The Federal Constitution (FC), which forms the basis on which all other regulations are built and obliges the federal government to legislate in the field of animal welfare. Hence, animal welfare is a constitutional principle and its objectives may therefore restrict fundamental rights expressly guaranteed by the Constitution, such as personal freedom, freedom of faith and conscience, freedom of scientific research, economic freedom, and the guarantee of property rights.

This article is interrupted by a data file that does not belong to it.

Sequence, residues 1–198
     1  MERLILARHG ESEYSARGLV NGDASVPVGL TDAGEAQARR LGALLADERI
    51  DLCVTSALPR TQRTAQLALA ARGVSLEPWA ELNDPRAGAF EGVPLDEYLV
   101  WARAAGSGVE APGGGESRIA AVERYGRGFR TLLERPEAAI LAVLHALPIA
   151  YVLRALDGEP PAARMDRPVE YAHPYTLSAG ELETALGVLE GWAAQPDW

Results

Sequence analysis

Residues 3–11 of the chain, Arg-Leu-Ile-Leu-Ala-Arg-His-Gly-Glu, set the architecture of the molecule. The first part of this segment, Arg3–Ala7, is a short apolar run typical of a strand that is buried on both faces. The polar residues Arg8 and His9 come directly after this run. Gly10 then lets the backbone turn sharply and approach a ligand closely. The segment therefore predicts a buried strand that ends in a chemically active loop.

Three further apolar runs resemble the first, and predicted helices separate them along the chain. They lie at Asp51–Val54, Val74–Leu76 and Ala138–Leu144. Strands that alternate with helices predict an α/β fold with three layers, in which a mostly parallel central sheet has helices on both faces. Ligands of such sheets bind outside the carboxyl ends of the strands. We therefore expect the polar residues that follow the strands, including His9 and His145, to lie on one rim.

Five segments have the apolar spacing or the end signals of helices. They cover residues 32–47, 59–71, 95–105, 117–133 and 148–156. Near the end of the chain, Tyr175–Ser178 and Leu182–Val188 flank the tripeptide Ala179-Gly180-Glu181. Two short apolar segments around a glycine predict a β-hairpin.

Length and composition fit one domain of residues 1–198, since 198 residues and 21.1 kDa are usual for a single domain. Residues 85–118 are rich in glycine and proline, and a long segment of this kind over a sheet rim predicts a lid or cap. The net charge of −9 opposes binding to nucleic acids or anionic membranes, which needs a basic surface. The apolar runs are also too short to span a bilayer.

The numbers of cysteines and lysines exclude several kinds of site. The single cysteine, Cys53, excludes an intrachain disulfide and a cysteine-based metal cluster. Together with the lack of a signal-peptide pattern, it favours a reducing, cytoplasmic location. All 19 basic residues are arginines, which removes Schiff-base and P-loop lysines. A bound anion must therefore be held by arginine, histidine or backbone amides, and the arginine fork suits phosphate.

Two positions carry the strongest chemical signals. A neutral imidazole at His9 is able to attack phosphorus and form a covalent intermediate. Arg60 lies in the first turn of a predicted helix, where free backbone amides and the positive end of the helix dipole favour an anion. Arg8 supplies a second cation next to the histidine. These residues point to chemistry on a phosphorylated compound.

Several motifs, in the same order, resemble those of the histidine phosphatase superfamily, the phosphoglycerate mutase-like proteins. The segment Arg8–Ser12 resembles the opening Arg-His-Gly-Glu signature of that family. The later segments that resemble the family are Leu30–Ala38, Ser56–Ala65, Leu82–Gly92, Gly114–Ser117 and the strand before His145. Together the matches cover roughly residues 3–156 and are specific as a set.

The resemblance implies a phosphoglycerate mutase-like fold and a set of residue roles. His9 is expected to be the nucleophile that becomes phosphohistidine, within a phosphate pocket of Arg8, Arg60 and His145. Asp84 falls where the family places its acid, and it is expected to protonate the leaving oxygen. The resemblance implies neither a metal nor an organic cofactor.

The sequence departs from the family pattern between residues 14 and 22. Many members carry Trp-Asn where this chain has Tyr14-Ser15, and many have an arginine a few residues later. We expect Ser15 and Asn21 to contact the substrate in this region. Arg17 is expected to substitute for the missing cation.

A truly unique constitutional provision is article 120 paragraph 2 FC which stipulates that the federal government must take into account, among other things, the dignity of the creature, which also includes animal dignity, when adopting regulations on the handling of the genetic material of animals, plants and other organisms. There is a consensus that respect for the dignity of the creature is a general constitutional principle to be observed not only in the context of genetic engineering, but in the entire legal system and anytime the law is applied to a human-animal relationship. Switzerland is the only country in the world that has enshrined the protection of animal dignity at constitutional level.